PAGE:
Additionally, you may worry about what you’d do if an emergency happened and you didn’t have enough cash on-hand to cover it

For some people, a cash-only lifestyle can be too restrictive and cause more financial stress than it relieves. If this is the case, it may be best to find a different way to manage your money.

Alternatives to a cash-only lifestyle

A cash-only lifestyle isn’t the only way to get your finances in order. Here are two other approaches you could try:

Try a zero-based budget

A zero-based budget is a system where your income minus your expenses equals zero.

The benefit of this method is that you’re forced to account for every dollar you earn. You can’t just let money “disappear” into thin air.

It’s a great alternative to a cash-only lifestyle because you have to plan ahead. It makes it really difficult to take on more debt.

But unlike being cash-only, it allows for more flexibility because you can use any payment methods you like — cash, debit cards, credit cards, financing, you name it.

Read more: Which budget system is best for you?

Do a hybrid approach

With a hybrid approach, you can use cash for some expenses and plastic for others.

For example, you may use cash for your everyday spending like groceries and gas. But you may put larger purchases on a credit card to earn rewards points.

Or maybe you use cash for discretionary spending like eating out and entertainment. But you use direct deposit for your rent and bills.

The key is to find what works best for you and your budget.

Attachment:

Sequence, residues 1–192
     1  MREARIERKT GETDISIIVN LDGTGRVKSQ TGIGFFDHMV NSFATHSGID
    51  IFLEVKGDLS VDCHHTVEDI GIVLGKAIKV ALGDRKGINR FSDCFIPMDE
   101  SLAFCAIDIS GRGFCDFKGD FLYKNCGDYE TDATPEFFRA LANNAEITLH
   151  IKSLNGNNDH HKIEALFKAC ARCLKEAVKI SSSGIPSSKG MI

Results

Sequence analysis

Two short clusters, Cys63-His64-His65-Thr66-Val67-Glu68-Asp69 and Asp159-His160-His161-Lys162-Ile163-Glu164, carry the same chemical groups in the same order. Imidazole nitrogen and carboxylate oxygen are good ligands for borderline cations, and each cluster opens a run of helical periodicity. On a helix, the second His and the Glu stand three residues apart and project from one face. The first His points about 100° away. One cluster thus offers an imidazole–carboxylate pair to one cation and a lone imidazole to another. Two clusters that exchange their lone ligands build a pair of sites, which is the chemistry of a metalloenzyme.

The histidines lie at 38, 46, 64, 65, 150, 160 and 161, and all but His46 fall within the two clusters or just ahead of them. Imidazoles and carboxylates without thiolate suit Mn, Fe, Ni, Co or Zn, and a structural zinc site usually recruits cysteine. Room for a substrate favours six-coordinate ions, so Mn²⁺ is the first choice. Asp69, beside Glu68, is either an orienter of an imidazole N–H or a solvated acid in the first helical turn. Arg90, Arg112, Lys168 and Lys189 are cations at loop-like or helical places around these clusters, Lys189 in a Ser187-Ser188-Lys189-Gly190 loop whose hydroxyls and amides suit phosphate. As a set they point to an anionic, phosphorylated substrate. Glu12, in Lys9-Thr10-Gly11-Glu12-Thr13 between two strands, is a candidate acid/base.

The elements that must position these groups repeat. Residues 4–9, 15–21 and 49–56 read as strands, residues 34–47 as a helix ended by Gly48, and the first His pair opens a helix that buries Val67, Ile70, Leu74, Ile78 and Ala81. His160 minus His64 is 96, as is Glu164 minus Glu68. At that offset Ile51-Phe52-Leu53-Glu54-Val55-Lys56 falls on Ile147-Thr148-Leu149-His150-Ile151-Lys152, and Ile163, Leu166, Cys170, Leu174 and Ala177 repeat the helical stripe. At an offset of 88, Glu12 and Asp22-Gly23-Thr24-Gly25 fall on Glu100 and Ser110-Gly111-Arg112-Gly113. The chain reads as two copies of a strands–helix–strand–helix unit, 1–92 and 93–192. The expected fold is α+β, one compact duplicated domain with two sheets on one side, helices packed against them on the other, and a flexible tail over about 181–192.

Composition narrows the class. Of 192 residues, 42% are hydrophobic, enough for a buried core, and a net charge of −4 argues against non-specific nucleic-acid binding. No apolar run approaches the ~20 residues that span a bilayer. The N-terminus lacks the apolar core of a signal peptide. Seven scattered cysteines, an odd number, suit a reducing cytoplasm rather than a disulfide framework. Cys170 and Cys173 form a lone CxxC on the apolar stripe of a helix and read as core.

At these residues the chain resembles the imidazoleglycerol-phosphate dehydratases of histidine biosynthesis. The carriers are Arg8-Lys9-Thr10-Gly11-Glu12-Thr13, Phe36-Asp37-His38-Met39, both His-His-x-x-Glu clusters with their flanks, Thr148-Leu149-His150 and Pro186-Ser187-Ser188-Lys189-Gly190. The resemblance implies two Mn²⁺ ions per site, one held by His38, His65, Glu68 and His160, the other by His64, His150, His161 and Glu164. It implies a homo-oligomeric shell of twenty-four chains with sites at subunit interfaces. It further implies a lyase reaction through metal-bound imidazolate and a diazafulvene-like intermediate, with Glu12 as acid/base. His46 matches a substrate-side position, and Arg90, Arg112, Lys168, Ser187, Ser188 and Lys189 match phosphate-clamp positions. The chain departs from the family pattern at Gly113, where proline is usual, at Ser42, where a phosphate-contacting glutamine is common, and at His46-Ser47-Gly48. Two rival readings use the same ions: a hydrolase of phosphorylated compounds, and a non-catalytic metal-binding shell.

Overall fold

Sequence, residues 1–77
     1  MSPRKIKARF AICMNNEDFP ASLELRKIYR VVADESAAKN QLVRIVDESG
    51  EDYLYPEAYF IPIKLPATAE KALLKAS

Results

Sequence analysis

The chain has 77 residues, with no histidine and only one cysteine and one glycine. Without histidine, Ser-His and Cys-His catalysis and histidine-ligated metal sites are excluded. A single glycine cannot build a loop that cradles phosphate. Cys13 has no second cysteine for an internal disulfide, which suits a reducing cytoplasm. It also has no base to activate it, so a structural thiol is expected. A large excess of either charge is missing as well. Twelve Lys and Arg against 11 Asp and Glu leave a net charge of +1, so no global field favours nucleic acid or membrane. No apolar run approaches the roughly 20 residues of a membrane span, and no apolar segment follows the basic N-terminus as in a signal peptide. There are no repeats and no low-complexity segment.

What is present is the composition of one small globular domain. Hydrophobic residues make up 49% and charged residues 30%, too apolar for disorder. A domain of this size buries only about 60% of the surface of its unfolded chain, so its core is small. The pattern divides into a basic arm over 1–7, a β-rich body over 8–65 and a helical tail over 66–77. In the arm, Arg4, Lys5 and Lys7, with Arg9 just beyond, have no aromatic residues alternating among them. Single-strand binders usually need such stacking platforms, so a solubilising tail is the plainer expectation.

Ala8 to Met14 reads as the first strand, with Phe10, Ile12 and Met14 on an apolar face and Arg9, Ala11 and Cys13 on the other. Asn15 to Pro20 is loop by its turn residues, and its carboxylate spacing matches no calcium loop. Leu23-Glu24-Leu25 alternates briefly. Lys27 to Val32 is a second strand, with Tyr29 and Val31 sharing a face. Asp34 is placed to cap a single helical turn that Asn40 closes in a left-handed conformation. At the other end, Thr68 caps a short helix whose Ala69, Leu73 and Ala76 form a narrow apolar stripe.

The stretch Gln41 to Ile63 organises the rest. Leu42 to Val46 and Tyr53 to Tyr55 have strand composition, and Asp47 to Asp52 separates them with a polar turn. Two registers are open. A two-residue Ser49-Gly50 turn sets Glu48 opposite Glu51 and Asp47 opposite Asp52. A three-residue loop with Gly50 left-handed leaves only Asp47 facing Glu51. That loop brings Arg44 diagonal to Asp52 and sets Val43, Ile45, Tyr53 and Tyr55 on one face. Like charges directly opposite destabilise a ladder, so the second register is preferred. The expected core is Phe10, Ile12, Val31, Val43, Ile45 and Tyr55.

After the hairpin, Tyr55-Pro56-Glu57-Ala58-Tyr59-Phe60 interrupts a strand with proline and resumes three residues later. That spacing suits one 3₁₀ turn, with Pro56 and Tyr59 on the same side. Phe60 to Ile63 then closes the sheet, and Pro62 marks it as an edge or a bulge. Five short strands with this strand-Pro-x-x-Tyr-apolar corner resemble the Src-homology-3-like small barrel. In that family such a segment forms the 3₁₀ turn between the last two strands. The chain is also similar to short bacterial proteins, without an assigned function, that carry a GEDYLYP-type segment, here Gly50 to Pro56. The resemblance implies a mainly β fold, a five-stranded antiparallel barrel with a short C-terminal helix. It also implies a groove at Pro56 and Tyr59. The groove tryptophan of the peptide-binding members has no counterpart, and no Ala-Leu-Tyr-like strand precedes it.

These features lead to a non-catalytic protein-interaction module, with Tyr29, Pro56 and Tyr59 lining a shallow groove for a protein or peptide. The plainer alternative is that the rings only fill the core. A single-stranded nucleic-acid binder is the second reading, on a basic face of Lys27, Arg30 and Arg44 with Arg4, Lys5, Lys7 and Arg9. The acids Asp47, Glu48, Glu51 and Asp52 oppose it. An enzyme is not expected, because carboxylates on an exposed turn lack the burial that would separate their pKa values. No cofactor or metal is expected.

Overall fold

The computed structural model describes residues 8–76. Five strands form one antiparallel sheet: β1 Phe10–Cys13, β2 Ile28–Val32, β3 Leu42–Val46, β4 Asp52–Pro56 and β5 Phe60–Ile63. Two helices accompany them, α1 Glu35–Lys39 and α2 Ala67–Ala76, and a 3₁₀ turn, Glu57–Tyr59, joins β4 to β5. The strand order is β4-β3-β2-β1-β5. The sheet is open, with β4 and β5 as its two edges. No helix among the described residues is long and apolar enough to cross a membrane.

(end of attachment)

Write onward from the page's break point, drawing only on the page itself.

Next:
Read more: How to use a credit card responsibly

Final verdict

A cash-only lifestyle can be a great way to stay out of debt and get your finances in order in the short term. But it may not be a good long-term approach.

If you’re considering a cash-only lifestyle, weigh the pros and cons to see if it’s a good fit for you.

Featured image: Dmitry Lobanov/Shutterstock.com

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About the author

Cassidy Horton
Total Articles: 37
Cassidy Horton is a finance writer who specializes in banking and insurance. She earned her MBA and bachelor’s degree in public relations from Georgia Southern University — and has since published hundreds of finance articles online for Forbes Advisor, The Balance, Money, Finder.com, and more. When she's not helping Millennials and Gen Zers gain control of their finances, you can find Cassidy hiking around the Pacific Northwest, cuddling her two cats, and eating way too much fried chicken. Connect with her on cassidyhorton.com or LinkedIn to see what she’s up to next.